Having fixed an interpretation of Locke’s definition of knowledge, we can now turn to bringing out the tension between Locke’s definition of knowledge and sensitive knowledge. To begin, one might wonder: what does an agreement between two ideas tell us about what exists beyond those ideas? Knowledge of the external world, according to Locke, is knowledge of the existence of something distinct from our mind (and so, of course, distinct from the ideas in our mind). Even Locke himself notes that the mere existence of an idea of something does not guarantee the existence of what that idea is an idea of. Merely having an idea of a freshly painted crimson water fountain does not guarantee that a freshly painted crimson water fountain really exists. At this point, if there is to be any hope, we ought to take a step back and ask: what are the two ideas that agree in sensitive knowledge? It seems clear that if I know the crimson water fountain exists, my idea of it will be one of the ideas. What is the second idea?
We might start making progress on this question by considering the content of sensitive knowledge. As detailed in section one above, we know that a thing exists distinct from our mind. For example, when you saw the freshly painted crimson water fountain down the hall, you knew that a crimson thing really exists. Perhaps, then, sensitive knowledge involves the perception of agreement between the idea of a thing and the idea of real existence. When you look down the hall and know the water fountain exists you perceive an agreement between your idea of the crimson water fountain and the idea of real existence.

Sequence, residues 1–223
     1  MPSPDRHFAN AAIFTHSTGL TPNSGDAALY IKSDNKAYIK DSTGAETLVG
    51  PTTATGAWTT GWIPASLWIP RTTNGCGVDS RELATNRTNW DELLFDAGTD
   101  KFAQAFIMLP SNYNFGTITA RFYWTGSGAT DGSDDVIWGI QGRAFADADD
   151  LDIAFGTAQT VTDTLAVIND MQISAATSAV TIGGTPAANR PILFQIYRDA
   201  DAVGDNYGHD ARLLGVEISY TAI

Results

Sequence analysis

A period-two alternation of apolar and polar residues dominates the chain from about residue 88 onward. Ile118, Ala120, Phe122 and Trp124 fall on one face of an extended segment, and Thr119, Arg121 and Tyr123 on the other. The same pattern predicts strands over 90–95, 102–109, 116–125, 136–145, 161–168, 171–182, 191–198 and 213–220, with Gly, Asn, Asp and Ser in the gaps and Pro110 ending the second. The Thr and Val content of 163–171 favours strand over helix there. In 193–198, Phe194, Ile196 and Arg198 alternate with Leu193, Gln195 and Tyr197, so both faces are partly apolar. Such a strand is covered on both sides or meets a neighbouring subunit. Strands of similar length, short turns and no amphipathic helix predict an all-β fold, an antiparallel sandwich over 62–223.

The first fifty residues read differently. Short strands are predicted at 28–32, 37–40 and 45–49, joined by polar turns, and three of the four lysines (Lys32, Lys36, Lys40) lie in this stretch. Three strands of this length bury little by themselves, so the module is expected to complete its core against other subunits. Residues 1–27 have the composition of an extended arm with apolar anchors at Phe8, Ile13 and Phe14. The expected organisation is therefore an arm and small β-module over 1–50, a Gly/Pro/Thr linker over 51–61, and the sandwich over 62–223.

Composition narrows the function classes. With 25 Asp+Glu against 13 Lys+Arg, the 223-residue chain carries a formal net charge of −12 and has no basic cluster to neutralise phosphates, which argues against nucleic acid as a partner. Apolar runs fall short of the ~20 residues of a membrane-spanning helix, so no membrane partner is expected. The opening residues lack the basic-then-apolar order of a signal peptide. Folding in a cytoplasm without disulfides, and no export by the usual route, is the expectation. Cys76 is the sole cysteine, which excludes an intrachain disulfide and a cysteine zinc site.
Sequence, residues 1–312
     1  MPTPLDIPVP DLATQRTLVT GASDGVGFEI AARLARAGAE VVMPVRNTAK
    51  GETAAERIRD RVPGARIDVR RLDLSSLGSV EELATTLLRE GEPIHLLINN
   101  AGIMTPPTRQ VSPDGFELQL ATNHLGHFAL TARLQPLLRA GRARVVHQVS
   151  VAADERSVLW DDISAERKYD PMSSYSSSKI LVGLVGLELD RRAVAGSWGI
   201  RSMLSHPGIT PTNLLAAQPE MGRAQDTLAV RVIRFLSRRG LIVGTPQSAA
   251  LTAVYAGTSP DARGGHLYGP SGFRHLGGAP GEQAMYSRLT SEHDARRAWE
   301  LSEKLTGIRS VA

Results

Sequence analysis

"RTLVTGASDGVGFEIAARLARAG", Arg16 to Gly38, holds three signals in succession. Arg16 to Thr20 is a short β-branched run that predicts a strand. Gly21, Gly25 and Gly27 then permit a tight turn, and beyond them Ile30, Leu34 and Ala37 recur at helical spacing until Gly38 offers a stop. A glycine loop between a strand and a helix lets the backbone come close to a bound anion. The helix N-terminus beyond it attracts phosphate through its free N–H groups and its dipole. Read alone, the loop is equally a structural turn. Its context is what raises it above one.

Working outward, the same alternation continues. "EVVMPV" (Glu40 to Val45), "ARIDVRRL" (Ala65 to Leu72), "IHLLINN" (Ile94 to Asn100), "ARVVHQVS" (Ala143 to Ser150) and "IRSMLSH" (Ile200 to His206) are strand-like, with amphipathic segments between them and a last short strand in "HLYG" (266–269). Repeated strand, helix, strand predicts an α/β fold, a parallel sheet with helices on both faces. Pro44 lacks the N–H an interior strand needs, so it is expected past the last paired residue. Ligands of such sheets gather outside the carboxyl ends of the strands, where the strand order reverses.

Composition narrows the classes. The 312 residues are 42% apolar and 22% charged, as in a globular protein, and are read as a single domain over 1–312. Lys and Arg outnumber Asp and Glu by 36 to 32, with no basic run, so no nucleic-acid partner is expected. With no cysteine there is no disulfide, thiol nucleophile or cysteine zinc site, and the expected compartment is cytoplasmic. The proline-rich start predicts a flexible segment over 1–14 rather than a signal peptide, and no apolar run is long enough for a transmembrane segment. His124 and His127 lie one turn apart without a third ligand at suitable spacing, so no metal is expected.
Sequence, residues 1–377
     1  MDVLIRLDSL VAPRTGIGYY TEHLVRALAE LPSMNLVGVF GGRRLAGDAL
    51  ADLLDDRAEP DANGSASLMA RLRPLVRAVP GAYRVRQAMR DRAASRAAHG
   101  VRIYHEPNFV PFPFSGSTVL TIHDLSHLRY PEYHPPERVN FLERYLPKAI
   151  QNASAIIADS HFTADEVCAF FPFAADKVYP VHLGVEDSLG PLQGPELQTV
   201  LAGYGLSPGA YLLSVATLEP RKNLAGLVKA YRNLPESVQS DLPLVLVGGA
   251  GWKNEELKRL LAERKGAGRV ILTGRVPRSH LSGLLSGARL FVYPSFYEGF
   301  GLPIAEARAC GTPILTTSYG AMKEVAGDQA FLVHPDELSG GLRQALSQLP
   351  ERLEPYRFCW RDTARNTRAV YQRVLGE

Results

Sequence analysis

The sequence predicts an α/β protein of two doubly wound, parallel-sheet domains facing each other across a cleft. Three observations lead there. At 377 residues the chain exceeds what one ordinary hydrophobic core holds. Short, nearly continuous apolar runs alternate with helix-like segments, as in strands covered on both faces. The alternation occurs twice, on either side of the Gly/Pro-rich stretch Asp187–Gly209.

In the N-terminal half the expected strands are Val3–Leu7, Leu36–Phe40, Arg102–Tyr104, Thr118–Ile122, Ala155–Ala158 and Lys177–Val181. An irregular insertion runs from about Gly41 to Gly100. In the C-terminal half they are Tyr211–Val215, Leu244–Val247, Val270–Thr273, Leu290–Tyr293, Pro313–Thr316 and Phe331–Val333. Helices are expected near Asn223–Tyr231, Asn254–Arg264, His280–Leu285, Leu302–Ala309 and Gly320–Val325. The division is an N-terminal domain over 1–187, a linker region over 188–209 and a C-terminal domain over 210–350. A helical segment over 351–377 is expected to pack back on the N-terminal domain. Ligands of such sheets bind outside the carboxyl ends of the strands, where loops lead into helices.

One difficult question facing this view is that it’s not clear how to make sense of the idea of real existence agreeing with the idea of anything (except, perhaps, the idea of God). The problem here can be made vivid by adopting a particular understanding of what it is for ideas to agree. On a popular way of interpreting Locke’s account of knowledge, perceiving an agreement between ideas is perceiving some sort of connection between the ideas. In proving, for example, that the sum of the interior angles of a triangle is equal to the sum of two right angles, one perceives through a series of steps that the ideas are connected by the relation of equality. But what would the connection between the idea of real existence and the idea of a thing, such as your idea of the freshly painted crimson water fountain, be? It certainly can’t be that the idea of the freshly painted crimson water fountain entails the idea of real existence since it isn’t necessary that the water fountain exists. Again, contrast sensitive knowledge with intuitive knowledge of the meaning of a term. If ‘gold’ is defined as a yellow metal, then, the idea of yellow is entailed by the idea of gold; it is contained within it. Any thing that is a yellow metal is yellow. But in the case of my idea of the crimson water fountain it’s not true that anything that is a crimson water fountain really exists. The crimson water fountain between the houses of Santa Claus and the Easter Bunny, for example, doesn’t really exist. What, then, is the connection between the ideas perceived to agree in sensitive knowledge and how is such a connection perceived through sensory experience?
We might try to sum up the problem facing Locke’s account as follows. Locke’s definition of knowledge appears to make all knowledge a priori. That is, it seems to make all knowledge depend on reflecting and comparing our ideas to one another in an attempt to understand relations between our ideas. But knowledge of the external world is patently not a priori. What (contingently, at least) exists in the world can’t be known to exist merely by reflecting on our own thoughts. In the remainder of this section, we’ll explore various approaches to the question of whether and how Locke’s definition of knowledge can accommodate sensitive knowledge. As we will see, the question of how to integrate sensitive knowledge with Locke’s account of knowledge brings us to consider many central aspects of Locke’s theoretical philosophy beyond his epistemology.